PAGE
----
So in reality the discoveries at Atapuerca provide evidence that Homo sapiens, humans like us, were present 1.2 million years ago in Europe. The scientists involved in the discoveries say that this dating is quite secure, because the date was arrived at by the convergence of three different dating methods—paleomag-netism, cosmogenic nuclides, and biostratigraphy.

But that does not make the Homo sapiens found in Spain the earliest Europeans. There are human skeletal re­mains older than that from Europe.

In 1855, an anatomically modern human jaw was discovered at Foxhall, England, by workers digging in a quarry. Robert H. Collyer, an American physician then residing in London, acquired the fossil. He noted that the bed from which the jaw was said to have been taken was 16 feet below the surface, in the Red Crag formation (H. F. Osborn, Natural History, 1921, vol. 21, p. 567). The condition of the jaw, thoroughly infiltrated with iron oxide, was consis­tent with incorporation in this bed. The 16-foot level of the Red Crag formation at Foxhall is the same from which J. Reid Moir later recovered stone tools and signs of fire. Anything found in the Red Crag formation would be at least 2.5 million years old.

In December of 1879, a landowner at Castenedolo, Italy, noticed some human bones in an excavation. Professor Giuseppe Ragazzoni, a geologist at the Technical Institute of Brescia, traveled to Castenedolo and collected the bones, which included pieces of the skull, some teeth, and parts of the backbone, ribs, arms, legs, and feet. More bones were found over the next few weeks. On February 16, a complete anatomically modern human skeleton was discovered. Ra­gazzoni journeyed to the site and supervised the excavation. The skeleton, enveloped in a mass of blue clay, turned out to be that of an anatomically modern human female. “The skeleton,” said Ragazzoni in his original report (Com­mentari dell’ Ateneo di Brescia, 1880, April 4, p. 123), “was found in the middle of the layer of blue clay….The stra­tum of blue clay, which is over 1 meter [3 feet] thick, has preserved its uniform stratification, and does not show any sign of disturbance.” He added, “The skeleton was very likely deposited in a kind of marine mud and not buried at a later time, for in this case one would have been able to detect traces of the overlaying yellow sand and the iron-red clay called ferretto.” Modern geologists place the blue clays at Castenedolo in the Astian stage of the Middle Pliocene, which would give the discoveries from Castenedolo an age of about 3–4 million years.

Another Pliocene find comes from Savona, a town on the Italian Riviera, about 30 miles west of Genoa. In the 1850s, while constructing a church, workmen discovered an anatomically modern human skeleton at the bottom of a trench 3 meters (10 feet) deep. The layer containing the skeleton was the same age as the layer containing the skele­tons at Castenedolo (de Mortillet, Le Prehistorique, 1883, p. 70), i.e., Middle Pliocene, about 3–4 million years old. Arthur Issel communicated details of the Savona find to the members of the International Congress of Prehistoric Anthropology and Archaeology at Paris in 1867. He declared that the Savona human “was contemporary with the strata in which he was found” (de Mortillet 1883, p. 70). Some suggested the skeleton was recently buried in the place where it was found. But a report given at the International Congress of Prehistoric Anthropology and Archaeology at Bologna in 1871 pointed out that above the dark layer of clay in which the skeleton was found was an upper layer containing white sand. If the skeleton had been buried, white sand should have been mixed with the clay. But the layer of clay in which the skeleton was found was unmixed. Also the cavities of the bones of the skeleton were filled with the unmixed clay. This could have happened only when the clay was soft, during the Pliocene period millions of years ago. Also, the skeleton was found at a depth of 3 meters (10 feet), rather deep for a burial.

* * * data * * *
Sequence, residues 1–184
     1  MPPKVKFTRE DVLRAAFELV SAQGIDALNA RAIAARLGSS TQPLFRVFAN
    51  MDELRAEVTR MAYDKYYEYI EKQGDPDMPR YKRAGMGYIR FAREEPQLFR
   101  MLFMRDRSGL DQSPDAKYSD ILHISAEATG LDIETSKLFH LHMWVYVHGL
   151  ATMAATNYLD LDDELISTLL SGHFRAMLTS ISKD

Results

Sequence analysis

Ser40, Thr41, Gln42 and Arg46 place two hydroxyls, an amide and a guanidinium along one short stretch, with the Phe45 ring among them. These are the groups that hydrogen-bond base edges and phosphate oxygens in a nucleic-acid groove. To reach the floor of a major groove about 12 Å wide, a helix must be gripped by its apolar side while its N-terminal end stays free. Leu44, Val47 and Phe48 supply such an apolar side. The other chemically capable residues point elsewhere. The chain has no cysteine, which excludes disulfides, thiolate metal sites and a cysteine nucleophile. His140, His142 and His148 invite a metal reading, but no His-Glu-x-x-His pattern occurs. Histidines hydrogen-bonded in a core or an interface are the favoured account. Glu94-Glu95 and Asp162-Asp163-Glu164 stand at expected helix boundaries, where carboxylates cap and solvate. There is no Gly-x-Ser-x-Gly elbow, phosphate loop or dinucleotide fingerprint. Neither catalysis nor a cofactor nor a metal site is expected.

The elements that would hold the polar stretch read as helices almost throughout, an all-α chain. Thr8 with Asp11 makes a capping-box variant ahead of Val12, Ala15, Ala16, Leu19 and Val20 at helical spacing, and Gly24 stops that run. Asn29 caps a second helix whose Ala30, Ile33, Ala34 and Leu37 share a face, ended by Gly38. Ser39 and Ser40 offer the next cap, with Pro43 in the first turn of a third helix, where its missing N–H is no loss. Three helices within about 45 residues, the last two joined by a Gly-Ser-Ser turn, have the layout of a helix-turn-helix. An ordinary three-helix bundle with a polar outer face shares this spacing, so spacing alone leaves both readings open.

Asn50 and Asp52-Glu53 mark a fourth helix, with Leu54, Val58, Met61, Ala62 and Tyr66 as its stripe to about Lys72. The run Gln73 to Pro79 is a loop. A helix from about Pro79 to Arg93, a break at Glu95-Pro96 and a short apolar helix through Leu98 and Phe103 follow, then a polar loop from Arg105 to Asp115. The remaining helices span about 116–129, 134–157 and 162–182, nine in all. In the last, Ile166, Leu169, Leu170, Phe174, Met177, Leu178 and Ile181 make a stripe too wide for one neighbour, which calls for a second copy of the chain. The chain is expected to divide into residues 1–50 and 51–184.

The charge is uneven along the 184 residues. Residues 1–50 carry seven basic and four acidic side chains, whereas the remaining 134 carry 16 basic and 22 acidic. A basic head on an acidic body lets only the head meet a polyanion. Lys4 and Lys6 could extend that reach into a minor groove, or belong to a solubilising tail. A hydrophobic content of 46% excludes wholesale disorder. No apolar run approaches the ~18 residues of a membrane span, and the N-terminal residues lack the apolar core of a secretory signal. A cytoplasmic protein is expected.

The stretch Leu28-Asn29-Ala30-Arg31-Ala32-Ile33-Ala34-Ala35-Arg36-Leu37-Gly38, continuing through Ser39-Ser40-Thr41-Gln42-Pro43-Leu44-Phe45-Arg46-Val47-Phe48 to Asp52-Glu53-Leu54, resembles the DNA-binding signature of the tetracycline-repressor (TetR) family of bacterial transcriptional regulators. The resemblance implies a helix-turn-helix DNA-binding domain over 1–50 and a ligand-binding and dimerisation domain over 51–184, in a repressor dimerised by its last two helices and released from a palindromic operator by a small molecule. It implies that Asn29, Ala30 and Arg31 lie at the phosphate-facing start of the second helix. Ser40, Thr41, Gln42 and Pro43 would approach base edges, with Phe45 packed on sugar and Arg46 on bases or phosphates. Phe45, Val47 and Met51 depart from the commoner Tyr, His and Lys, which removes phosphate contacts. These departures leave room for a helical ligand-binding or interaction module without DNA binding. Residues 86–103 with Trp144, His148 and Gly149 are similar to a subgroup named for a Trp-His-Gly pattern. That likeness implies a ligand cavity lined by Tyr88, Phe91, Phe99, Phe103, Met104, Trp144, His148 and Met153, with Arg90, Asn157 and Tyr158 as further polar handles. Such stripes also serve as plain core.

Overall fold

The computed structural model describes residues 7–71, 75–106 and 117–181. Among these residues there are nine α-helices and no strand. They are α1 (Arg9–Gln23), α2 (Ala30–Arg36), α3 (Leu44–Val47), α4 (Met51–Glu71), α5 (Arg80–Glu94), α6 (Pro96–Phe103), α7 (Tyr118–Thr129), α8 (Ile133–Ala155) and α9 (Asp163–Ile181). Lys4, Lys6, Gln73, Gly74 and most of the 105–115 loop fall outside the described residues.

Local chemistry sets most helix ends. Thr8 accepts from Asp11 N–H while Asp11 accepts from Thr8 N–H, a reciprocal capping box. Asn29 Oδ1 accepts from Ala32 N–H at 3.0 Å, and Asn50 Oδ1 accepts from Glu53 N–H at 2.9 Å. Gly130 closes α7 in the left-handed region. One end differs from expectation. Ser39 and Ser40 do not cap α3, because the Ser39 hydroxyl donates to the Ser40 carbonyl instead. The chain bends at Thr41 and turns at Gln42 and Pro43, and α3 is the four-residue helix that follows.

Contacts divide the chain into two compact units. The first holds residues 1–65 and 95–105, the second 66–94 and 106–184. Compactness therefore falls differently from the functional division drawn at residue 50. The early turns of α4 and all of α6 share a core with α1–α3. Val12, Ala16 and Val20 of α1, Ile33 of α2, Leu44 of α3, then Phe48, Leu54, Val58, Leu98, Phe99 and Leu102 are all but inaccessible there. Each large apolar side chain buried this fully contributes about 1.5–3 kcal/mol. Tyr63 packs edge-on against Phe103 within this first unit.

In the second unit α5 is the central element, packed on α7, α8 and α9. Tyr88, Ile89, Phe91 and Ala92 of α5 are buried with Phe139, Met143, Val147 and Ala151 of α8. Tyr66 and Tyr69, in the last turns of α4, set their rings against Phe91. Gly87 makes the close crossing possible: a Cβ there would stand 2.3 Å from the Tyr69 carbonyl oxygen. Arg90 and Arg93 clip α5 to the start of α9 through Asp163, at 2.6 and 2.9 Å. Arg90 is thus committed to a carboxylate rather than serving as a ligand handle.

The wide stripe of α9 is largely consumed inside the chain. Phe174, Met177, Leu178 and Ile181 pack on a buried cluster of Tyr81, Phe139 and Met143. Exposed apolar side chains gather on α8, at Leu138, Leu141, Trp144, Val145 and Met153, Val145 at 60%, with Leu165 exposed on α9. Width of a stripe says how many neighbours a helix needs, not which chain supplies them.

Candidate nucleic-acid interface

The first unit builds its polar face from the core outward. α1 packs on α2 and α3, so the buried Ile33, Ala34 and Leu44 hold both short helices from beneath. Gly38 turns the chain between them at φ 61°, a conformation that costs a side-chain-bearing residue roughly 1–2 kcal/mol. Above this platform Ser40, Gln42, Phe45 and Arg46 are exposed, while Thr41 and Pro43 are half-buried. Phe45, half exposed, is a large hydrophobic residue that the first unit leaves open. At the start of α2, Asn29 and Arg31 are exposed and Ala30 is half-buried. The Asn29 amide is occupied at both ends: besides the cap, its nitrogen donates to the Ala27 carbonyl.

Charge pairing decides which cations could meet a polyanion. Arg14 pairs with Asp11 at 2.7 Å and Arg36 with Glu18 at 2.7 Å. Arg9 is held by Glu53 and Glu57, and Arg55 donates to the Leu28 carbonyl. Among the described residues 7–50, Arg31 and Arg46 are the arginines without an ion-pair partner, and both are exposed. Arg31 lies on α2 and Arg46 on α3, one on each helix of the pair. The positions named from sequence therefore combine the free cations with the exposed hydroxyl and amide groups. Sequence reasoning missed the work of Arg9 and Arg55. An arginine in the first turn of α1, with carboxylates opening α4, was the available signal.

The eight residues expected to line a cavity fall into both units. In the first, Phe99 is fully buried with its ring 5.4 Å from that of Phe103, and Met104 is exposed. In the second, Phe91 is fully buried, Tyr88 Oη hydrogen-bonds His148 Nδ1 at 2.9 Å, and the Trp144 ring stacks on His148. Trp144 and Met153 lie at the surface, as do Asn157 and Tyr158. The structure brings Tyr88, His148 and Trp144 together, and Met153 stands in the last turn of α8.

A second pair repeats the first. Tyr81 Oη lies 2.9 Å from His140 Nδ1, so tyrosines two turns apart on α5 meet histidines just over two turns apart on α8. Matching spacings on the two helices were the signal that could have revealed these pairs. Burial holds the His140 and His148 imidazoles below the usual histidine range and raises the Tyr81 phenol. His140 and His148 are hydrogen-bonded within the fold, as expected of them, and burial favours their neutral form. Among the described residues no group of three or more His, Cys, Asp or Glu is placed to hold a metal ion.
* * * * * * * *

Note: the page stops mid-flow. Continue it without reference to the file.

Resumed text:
De Mortillet (1883, p. 72) also mentions a human skeleton found in a Late Eocene formation at Delemont, Swit­zerland (that would be about 30 million years old) and a human skeleton found in a Miocene formation at Midi de France (that could be up to 20 million years old). Anyway, when we look at all the evidence, we see that the human bones recently found at Atapuerca, which are 1.2 million years old, are not really those of the oldest Europeans.

Michael A. Cremo is author, with Richard Thompson, of the underground classic Forbidden Archaeology: The Hidden History of the Human Race. His latest book is Human Devolution: A Vedic Alternative to Darwin’s Theory (see


Leave a Reply

Your email address will not be published. Required fields are marked *